Government research published last week has found that more than half of successful tribunal claimants do not receive their award in full, often because employers simply refuse to pay up.

However, claimants who received help from lawyers, unions or family and friends either before, during or after their initial hearing were more likely to receive payment without needing to enforce the award (58 per cent compared to 53 per cent overall). Almost half (47 per cent) of claimants received help to prepare their case or to speak during the hearing.

The study, Payment of Tribunals Awards 2013, found that:

  • 51 per cent of claimants who had been granted an award had not been paid in full, with a further 16 per cent who had only been paid in part
  • a third of claimants had not received any money at all, even after taking enforcement action
  • Of those who were not paid their award without resorting to enforcement, almost half (46 per cent) pursued enforcement through the courts
  • claimants with larger award values (over £5,000) who were not paid their award were more likely to report that the company had become insolvent or ceased trading (46 per cent compared with 35 per cent of those with awards under £5,000)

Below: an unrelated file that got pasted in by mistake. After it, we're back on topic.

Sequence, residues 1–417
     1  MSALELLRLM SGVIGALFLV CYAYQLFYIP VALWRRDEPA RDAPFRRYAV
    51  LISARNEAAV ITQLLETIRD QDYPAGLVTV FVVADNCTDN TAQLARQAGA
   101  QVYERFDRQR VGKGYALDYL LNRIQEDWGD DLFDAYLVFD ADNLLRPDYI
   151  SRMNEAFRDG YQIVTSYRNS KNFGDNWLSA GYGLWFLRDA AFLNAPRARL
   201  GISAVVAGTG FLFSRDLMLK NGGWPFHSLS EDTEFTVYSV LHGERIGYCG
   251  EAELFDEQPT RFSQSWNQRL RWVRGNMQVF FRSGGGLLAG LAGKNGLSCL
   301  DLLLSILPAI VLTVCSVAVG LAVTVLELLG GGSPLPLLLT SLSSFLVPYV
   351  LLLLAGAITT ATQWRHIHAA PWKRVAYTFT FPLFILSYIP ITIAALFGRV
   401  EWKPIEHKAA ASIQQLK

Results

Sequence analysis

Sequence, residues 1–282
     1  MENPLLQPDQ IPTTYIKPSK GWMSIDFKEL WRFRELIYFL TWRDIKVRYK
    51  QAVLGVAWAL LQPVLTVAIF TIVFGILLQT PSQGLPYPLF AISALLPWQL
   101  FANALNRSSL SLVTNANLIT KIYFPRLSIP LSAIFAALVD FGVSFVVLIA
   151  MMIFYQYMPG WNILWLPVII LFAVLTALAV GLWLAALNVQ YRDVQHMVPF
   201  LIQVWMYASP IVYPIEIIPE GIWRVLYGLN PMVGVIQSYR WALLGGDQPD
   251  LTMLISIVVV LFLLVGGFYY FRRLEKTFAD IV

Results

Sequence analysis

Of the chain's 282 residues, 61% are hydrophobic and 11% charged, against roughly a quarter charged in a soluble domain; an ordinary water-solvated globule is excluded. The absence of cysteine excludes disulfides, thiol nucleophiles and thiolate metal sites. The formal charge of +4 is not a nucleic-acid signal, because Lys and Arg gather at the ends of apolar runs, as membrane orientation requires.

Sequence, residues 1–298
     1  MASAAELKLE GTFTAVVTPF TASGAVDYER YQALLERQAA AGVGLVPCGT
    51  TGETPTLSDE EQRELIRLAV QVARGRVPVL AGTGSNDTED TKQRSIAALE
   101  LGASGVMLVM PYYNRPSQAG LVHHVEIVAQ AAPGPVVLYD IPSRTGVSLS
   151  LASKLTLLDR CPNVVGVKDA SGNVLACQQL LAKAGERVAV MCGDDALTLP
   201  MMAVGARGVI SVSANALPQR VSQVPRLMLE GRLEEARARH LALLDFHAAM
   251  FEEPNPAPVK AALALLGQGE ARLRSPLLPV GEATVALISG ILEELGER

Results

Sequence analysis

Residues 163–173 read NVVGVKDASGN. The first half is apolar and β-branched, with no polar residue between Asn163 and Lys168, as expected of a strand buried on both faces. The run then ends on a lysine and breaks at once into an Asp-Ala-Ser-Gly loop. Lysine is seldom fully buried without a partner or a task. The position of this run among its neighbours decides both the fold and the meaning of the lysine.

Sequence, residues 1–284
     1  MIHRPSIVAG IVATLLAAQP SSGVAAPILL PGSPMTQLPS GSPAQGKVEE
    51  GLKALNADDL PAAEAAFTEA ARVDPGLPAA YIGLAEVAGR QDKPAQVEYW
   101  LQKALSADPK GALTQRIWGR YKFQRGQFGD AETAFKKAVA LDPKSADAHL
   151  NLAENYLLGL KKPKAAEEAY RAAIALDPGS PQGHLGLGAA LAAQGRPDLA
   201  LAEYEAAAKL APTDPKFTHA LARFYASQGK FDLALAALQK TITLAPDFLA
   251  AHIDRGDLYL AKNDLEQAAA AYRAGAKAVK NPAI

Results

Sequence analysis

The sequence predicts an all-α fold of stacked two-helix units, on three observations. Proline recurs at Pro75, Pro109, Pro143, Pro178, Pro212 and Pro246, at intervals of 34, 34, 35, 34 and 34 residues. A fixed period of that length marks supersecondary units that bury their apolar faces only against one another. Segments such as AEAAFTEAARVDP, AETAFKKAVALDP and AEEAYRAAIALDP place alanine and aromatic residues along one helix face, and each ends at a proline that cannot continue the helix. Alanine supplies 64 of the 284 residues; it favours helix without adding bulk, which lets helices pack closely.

• The reason most commonly given for non-payment was that the company no longer existed/had become insolvent or otherwise ceased trading (37 per cent). One in three claimants whose award was not paid stated that the employer had refused to pay, and 17 per cent were unable to locate the employer
  • The main reason given by claimants for not using enforcement to pursue their award was lack of awareness. Overall, only 41 per cent of claimants said that they were aware of the options open to them if their employer did not pay their award.

The findings from the study have prompted the government to consider new powers so that rogue employers cannot continue to get away with not paying.

Employment Relations Minister, Jo Swinson, has said that the coalition will consider making changes to employment tribunal rules to give judges the power to demand deposits from businesses who they think might not pay up.

She also said the government would look at using fixed penalty notices for late payment and naming and shaming employers who fail to pay up, as well as any action it can take to make sure people get their employment tribunal award when a company has stopped trading.

The study was carried out by market research firm, IFF Research, who spoke to over 1,000 successful tribunal claimants between May and June 2013.

Emma Game from Thompsons Solicitors said:

“Any proposal to rectify the unfairness caused to employees and workers is one that is to be welcomed. Whether it will have the desired effect however will have to be seen. We should also not forget that this is only a small step towards remedying the injustice that workers now face when pursuing Tribunal claims under the new regime.”

To view the report, go to: